starring Robert Pattinson, Juliette Binoche, André Benjamin, Mia Goth
screenplay by Claire Denis, Jean-Pol Fargeau, Geoff Cox
directed by Claire Denis
by Angelo Muredda If you took Twitter's word for it after the gala premiere of Claire Denis's High Life, which was apparently conceived in an off-the-cuff conversation with Vincent Gallo about life at the end of the world and briefly tinkered-with in the earliest days of its inception by Zadie Smith, you'd think the singular French filmmaker abandoned all her instincts to make an edgy sci-fi sex farce with the dildo chair from Burn After Reading. What a relief, then, to discover that High Life is indeed a Claire Denis film. A step removed from the spoiler-saturated breathlessness of the first hot takes, one finds something every bit as rattled and mournful a late work as Paul Schrader's First Reformed, and, like Trouble Every Day, no less structurally elusive or visceral than the rest of her oeuvre for being a work of genre.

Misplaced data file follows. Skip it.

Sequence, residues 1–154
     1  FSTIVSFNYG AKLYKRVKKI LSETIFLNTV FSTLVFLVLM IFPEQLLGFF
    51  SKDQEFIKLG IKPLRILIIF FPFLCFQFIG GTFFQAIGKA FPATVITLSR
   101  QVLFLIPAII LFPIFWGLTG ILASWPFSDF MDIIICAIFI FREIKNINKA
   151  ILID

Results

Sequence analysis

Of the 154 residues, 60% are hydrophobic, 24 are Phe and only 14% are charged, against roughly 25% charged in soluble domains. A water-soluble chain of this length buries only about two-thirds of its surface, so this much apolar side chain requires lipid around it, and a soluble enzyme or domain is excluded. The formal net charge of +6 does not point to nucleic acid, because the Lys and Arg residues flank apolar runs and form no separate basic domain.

Though that premise, and the brief appearance of the infamous "fuckbox" that spawned a thousand tweets, suggests some sort of esoteric exploitation film (Sexcula in space), Denis deals with this primal material in an anguished and entirely earnest way. She treats Dibs's casual domain over the prisoners' bodies and bodily fluids as a fundamental violation of their humanity. Indeed, Denis seems fascinated here by the paradoxes of bare life at the ultimate edge of space--distressed by humans' seemingly bottomless capacity to be brutal to one another but moved by the caring gestures of a father looking out for his child even when there's no world left in which to raise her.
For all the film's righteous anger and despair at how power politics and sexual violence are sure to follow wherever humans go, one is also left with an ineffable sense of possibility centred on this brave new nativity scene. There's real tenderness to those moments of paternal care in the cold expanse of space. And, despite both the shocking violence of Dibs's experiments and the naughtiness of her great invention, a room where the space dwellers can go to expend their pent-up energy (at some cost), there's hope in the pregnant anxiety of the last act, where Monte and child, a little bit older and a little bit sadder, face the reality of their situation by staring into a black hole that, sure as life will one day kill them, may well obliterate them, but might also be the start of something better. It's powerful stuff, no less indelible for being vaguely familiar. Programme: Gala Presentations